Leslie Wexner has grabbed the wheel at Victoria’s Secret.

This story first appeared in the February 13, 2016 issue of WWD. Subscribe Today.

The L Brands Inc. chairman and chief executive officer is assuming leadership of the $7.7 billion business following the resignation of its ceo, Sharen Turney.

That puts one of the few active retail legends in direct control over one of fashion’s most dominant chains, which combines retail might with supermodel-fueled social media sizzle. The switch also deepens the very shallow pool of fashion executives with the proven ability to grow multibillion businesses who are even theoretically on the market.

“After 16 years and a record fourth quarter at Victoria’s Secret, I have decided to prioritize my family and my personal life and consider what’s next for me professionally….I leave the Victoria’s Secret business well-positioned for the next chapter of growth…a strong brand with great momentum,” Turney said.

Wexner said: “We are very grateful to Sharen for her leadership and all that she has accomplished; Victoria’s Secret sales have increased more than 70 percent…and profit has increased substantially during her nine years as ceo. While she will be missed, we support her in her choice and wish her well. We have strong confidence in the strength of the brand and our growth opportunities, and I look forward to taking on a more active role and working with the talented leadership team at Victoria’s Secret.”

Turney, 58, is one of fashion’s highest paid executives. Her compensation for the years 2012 to 2014 totaled $44.3 million, although $26.5 million of that came in the form of stock awards, the full value of which might not be realized.

Investors on Friday were wary of the move and pushed shares of L Brands down 2.5 percent to $81.87.

But the industry has a great store of respect for Wexner.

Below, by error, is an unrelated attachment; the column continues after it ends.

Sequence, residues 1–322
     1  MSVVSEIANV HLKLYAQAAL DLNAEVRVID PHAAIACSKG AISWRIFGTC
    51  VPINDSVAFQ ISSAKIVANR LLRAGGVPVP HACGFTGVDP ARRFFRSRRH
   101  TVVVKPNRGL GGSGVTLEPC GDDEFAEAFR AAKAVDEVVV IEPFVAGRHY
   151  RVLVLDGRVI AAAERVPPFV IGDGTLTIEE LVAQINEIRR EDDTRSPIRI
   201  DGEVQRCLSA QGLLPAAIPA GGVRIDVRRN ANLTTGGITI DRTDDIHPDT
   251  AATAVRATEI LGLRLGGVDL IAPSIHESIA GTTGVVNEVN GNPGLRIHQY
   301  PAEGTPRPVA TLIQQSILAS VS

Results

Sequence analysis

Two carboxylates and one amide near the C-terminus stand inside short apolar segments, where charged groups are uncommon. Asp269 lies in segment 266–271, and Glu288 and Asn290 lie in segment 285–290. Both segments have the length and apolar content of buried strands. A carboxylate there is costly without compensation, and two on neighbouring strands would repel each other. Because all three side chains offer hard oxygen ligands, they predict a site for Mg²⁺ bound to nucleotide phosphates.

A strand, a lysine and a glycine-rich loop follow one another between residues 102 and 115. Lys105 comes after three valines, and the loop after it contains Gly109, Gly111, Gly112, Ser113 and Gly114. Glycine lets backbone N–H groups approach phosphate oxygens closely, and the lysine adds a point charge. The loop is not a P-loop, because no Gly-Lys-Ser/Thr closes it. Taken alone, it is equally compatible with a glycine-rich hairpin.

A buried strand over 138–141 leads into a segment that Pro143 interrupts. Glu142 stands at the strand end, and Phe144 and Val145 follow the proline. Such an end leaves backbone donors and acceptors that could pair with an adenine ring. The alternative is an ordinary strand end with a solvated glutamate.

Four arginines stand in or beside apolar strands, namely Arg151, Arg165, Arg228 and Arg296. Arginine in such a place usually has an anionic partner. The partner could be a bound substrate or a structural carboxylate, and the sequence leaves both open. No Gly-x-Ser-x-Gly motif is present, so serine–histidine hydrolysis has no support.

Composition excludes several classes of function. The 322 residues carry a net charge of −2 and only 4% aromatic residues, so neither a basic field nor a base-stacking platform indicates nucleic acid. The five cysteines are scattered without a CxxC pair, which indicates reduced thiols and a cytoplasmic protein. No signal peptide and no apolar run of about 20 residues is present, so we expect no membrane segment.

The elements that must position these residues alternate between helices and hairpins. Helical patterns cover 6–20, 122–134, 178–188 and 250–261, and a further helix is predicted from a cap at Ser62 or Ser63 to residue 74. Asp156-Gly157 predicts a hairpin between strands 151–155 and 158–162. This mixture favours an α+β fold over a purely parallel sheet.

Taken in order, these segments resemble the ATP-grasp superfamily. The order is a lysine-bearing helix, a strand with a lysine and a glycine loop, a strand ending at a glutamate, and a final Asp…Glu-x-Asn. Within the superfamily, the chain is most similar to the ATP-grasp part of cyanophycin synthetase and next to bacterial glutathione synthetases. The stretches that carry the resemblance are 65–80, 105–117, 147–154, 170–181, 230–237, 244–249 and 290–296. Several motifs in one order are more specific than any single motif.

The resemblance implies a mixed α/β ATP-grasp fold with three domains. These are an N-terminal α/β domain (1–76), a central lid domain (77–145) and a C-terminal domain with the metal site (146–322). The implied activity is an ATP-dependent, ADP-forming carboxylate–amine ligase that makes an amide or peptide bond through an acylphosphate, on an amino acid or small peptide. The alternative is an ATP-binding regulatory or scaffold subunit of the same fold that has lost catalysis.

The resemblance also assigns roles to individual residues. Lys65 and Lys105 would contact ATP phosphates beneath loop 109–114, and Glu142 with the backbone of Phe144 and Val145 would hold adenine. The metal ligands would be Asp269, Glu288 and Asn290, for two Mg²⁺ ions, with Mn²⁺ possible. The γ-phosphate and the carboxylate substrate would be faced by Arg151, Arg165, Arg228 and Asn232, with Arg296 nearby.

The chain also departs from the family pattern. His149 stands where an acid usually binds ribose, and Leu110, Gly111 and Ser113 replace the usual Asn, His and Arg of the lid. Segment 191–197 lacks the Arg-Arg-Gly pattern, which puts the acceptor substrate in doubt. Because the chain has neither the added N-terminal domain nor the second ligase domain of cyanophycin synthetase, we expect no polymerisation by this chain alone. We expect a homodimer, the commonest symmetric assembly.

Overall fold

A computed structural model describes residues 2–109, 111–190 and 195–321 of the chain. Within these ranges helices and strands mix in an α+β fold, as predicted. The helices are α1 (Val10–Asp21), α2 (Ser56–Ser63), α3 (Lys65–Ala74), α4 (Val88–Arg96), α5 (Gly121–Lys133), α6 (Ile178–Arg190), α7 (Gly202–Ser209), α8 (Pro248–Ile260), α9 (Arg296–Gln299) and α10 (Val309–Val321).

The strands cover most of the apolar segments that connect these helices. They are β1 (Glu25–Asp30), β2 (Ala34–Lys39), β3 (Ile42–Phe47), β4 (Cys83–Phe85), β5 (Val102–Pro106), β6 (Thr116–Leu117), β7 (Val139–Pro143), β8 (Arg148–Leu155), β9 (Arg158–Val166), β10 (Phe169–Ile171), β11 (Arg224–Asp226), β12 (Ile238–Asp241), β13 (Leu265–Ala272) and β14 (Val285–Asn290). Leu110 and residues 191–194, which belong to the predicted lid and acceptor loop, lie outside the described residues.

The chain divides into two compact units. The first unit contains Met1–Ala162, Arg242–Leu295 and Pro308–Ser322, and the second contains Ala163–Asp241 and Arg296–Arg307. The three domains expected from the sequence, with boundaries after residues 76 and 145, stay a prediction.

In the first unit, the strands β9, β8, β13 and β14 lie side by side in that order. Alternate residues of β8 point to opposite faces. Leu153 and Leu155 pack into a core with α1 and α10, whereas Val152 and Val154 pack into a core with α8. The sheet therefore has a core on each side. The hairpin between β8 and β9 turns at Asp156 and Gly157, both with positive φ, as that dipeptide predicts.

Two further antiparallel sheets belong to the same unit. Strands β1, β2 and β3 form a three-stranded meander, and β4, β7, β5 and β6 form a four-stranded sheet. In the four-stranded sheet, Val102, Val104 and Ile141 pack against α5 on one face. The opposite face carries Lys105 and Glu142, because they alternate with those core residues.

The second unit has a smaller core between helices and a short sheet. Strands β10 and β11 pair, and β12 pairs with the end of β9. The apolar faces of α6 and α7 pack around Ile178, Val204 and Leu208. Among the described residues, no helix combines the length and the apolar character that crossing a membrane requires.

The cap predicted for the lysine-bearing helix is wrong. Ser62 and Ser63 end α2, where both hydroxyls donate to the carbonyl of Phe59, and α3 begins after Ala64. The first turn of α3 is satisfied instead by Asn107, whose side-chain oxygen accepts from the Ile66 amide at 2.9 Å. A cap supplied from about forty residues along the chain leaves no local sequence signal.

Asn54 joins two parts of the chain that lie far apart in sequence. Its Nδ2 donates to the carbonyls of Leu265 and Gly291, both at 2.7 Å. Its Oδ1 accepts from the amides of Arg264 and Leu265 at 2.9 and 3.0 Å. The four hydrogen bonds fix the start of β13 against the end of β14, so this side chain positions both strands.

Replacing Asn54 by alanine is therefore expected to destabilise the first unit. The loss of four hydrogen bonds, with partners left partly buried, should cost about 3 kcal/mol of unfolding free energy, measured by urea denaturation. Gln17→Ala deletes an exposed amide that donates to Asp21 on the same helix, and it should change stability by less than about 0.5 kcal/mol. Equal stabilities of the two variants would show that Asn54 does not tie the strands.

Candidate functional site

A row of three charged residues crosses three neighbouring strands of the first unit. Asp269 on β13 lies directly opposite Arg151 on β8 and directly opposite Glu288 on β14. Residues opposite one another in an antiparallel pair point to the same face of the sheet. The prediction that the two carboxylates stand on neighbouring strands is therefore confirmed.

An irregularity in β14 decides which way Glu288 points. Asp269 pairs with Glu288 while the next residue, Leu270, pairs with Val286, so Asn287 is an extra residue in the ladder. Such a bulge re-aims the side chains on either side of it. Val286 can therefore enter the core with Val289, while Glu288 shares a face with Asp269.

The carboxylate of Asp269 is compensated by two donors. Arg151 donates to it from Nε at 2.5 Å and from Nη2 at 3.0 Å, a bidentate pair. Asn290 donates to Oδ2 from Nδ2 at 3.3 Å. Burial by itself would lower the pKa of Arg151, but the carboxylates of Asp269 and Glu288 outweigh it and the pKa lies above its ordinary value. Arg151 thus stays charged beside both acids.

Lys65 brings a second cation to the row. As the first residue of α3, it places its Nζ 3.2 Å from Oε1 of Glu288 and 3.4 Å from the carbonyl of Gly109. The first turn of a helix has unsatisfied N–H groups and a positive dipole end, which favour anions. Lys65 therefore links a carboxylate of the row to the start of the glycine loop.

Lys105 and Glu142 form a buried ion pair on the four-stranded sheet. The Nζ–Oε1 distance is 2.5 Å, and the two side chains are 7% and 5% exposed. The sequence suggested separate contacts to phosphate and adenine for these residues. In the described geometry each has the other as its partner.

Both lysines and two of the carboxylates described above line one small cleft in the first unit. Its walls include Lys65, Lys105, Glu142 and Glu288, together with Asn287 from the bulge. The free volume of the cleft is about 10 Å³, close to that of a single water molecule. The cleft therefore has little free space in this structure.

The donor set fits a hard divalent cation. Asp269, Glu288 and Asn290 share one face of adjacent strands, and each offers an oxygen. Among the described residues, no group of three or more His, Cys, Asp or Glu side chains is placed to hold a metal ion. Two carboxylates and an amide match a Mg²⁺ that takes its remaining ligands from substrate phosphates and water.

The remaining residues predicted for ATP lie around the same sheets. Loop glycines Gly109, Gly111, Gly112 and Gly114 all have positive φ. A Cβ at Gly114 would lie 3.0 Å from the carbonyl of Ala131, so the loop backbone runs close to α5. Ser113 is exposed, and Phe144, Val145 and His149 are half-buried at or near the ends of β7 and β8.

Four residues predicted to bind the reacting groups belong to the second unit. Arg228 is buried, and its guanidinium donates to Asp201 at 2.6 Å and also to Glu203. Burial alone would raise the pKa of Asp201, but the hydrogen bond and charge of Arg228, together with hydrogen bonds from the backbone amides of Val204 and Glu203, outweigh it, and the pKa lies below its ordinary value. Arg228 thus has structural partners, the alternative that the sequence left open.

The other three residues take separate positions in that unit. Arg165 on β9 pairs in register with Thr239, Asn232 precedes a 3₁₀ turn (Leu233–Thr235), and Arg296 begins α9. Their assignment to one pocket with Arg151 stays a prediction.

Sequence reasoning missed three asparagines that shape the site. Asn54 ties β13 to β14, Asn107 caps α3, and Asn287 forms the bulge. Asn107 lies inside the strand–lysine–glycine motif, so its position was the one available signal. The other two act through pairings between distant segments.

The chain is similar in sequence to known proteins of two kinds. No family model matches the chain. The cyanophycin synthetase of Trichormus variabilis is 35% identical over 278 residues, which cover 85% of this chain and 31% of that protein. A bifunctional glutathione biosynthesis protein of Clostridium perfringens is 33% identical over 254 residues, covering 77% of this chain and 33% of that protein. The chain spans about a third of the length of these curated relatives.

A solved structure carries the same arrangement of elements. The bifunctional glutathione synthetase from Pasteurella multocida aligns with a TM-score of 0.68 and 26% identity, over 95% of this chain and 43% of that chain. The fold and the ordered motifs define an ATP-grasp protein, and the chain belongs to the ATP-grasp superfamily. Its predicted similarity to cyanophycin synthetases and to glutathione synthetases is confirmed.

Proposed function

Elaine Hughes, founder and ceo of executive search firm E.A. Hughes & Co., said: “He’s like the Warren Buffett of our industry. He really understands the business. He understands the consumer. He might be getting ready to promote from within, but I think he needs to take the helm of that business to determine who is going to succeed in that role. With today’s candidate pool, it would not be very easy to look out into the general market and find who’s going to replace her in that size of a business.”

She noted that Wexner’s move is not unlike executive chairman Jay Schottenstein’s at American Eagle Outfitters Inc., where he stepped back in to become interim ceo in 2014 and take more direct control of the business. The post was made permanent in December.

Wexner certainly is comfortable in charge.

He founded The Limited in 1963 in Columbus, Ohio, and acquired the six-door Victoria’s Secret for $1 million in 1982, building it into a powerhouse.

Although Wexner started in apparel, he sensed a change in the market by 2007 had exited most of the company’s apparel businesses. L Brands still has a significant presence in beauty with Bath & Body Works.

After receiving the WWD Beauty Inc Visionary Award in 2013, Wexner said he views himself as a merchant above all else.

“I’m really a retailer,” he said. “I’ve spent most of my life as a fashion retailer….By nature, I am very curious.”

He’s also known for speaking his mind, for instance, calling department stores “irrelevant” at an investor meeting.

How that mixture of experience and personality shapes the next leg of Victoria’s Secret is anybody’s guess.